Abhinav Mittal is an IT Cost Reduction Expert and Independent Technology Investments Advisor to C-Level Executives and board members of large multinational companies based out of the Middle East. As a published author he has written two books on the subject of how companies can get more out of their technology investments by applying over 200 IT cost optimization ideas discussed in his books. Abhinav, who is known as the CFO’s best friend, has delivered millions in bottom-line improvements for the companies he’s worked with. Mittal is MBA from Great Lakes, University Gold Medallist from Indraprastha University New Delhi, and has completed a leadership program from HBS. He also possesses a wide range of technical credentials in subjects including cloud computing, IT governance, and AI ethics. Abhinav, a bearer of a golden visa, resides in Dubai with his family. His mantra for Cost Optimisation is “Buy what you will use, and use what you Bought”
You’ve undoubtedly used or read about chatGPT at this point. It’s great for casual talks, boosts productivity, sparks ideas rapidly, and definitely reduces dependency on Google. However, when dealing with complex world issues, I would still prefer speaking with a human with relevant experience vs solely relying on chatGPTt. Here are my three reasons for doing so
- Without any fact-checking, Chatgpt does a really good job of generating sentences that sound credible. Unless you already know the correct answer, there is currently no way to detect whether chatGPT is right or wrong. Not knowing the source of information can only cause you to lose faith in anything that is published digitally in the realm of the internet, which is rife with false information. Can you hold an AI accountable for spreading incorrect information and coming across as confident? Legal frameworks are in place to stop people from disseminating false information, but can you hold an AI accountable?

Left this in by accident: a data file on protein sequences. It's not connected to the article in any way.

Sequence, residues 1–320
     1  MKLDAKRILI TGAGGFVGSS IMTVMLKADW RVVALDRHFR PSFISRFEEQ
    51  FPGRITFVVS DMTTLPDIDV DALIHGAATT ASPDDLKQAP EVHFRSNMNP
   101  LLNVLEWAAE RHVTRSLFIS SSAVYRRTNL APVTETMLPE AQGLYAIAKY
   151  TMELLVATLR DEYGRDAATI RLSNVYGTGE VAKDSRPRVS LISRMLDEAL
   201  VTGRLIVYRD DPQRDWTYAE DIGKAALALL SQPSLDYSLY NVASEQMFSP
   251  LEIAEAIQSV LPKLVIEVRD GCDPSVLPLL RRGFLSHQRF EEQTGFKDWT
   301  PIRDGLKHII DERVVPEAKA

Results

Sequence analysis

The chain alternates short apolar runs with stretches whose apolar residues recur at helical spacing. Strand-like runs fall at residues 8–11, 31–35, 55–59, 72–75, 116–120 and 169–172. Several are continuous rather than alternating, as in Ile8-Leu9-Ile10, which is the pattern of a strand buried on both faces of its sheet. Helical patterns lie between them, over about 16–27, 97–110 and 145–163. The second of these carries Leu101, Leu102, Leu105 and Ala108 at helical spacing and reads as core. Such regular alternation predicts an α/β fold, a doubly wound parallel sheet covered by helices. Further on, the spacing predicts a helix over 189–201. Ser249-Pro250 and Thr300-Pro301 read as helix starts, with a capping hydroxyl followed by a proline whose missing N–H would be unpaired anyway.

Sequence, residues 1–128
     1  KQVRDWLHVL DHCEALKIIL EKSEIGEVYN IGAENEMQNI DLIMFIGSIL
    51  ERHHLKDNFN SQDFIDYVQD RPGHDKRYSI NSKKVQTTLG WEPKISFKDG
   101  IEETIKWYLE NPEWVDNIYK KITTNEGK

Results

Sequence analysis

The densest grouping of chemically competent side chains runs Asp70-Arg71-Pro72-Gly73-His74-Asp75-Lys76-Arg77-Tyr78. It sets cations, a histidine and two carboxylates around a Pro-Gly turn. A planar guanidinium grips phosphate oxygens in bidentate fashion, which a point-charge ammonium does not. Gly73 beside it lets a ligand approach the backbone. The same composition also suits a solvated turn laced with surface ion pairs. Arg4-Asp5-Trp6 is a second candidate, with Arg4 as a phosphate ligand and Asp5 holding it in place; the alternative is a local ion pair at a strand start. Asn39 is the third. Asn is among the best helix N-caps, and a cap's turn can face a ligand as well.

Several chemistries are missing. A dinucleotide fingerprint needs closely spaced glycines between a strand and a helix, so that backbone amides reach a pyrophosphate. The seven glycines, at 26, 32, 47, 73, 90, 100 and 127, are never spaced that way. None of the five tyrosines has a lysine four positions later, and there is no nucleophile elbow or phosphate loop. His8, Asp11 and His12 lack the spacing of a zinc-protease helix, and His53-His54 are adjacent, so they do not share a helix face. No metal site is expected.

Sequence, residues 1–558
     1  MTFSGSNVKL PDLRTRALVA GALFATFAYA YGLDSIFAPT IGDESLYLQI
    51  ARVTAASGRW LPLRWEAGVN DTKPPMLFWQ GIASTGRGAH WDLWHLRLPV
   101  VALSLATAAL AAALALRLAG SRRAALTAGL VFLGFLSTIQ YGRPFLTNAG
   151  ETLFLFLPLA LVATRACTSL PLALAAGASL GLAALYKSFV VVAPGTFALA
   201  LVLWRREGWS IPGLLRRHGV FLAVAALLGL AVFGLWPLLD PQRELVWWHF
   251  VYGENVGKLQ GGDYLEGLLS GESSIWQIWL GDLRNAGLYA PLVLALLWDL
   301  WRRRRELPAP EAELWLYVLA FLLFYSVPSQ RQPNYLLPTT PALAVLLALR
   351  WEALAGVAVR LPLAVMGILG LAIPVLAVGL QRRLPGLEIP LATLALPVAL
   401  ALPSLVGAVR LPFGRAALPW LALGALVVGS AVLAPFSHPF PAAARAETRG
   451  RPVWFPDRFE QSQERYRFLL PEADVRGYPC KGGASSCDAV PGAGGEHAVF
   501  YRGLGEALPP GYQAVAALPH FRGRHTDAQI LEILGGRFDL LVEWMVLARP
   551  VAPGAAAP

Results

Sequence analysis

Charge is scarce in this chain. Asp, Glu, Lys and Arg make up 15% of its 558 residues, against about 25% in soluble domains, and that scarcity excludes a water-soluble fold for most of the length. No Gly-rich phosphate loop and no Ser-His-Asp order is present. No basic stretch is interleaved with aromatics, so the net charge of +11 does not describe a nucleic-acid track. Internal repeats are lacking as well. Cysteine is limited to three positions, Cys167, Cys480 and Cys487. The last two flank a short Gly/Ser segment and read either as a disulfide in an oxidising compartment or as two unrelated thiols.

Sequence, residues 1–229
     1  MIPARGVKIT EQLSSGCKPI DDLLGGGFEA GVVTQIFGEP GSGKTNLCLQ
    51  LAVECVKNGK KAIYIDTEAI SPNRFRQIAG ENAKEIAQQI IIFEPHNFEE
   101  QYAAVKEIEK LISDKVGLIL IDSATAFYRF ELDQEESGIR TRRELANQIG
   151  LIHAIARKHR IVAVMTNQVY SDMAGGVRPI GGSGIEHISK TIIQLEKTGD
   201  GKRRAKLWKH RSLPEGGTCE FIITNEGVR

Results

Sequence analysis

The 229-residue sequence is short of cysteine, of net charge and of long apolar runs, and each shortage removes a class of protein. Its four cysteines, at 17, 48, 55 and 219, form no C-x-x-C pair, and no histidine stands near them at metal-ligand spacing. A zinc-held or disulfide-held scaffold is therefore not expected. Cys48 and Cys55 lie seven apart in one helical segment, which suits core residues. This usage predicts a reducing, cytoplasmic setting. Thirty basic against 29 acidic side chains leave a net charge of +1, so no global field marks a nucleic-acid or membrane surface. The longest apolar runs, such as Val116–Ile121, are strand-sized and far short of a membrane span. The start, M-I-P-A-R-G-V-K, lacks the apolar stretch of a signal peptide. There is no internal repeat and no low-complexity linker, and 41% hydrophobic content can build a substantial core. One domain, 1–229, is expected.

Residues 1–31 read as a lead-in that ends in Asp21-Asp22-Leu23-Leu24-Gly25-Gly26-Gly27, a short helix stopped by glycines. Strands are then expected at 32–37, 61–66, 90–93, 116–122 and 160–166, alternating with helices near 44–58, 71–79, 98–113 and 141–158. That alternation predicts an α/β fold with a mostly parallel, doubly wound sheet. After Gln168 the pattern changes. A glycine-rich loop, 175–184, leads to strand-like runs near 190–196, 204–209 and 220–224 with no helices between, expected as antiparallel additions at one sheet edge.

- AI-based programs are often trained on content scraped from the internet, often without permission. This creates complex issues about the training data’s ethical acquisition. Nowadays, a lot of literature is published digitally. Imagine if a publisher used AI in its extensive database of books and began to produce new versions of the works without giving the author credit. As a published author of two books, I must admit that I find this a little scary. A book produced by AI might be entertaining to read, but will it have any fresh ideas? A remixed song is only popular because someone wrote the original.
- Our perception of the world shifts as we get older, and our environment’s shifting social and cultural norms have a big impact on our personal values, which changes how we communicate at different stages of our life. People’s opinions of well-known personalities and authors can evolve over time. However, regardless of how much the actual person may have changed, an AI that is trained on a subset of historical communication styles will continue to mimic the historical persona. As humans, we change, but AI-trained personas might never stop seeing us as the individuals we once were.
Generative AI is still emerging, and while it has shaken a few industries (Publishing, Education, Media & Advertising, and Software Development) there is still sometime before it can be fully trusted.
Till then I would still trust a talented human with chatGPT vs only chatGPT. I was exposed to several ethical elements of AI through a program (CEET – Certified Ethical Emerging Technologist), which I finished last year. The challenging curriculum has given me a lot of new perspectives. Thanks to chatGPT, the topic of AI ethics is currently a hot topic.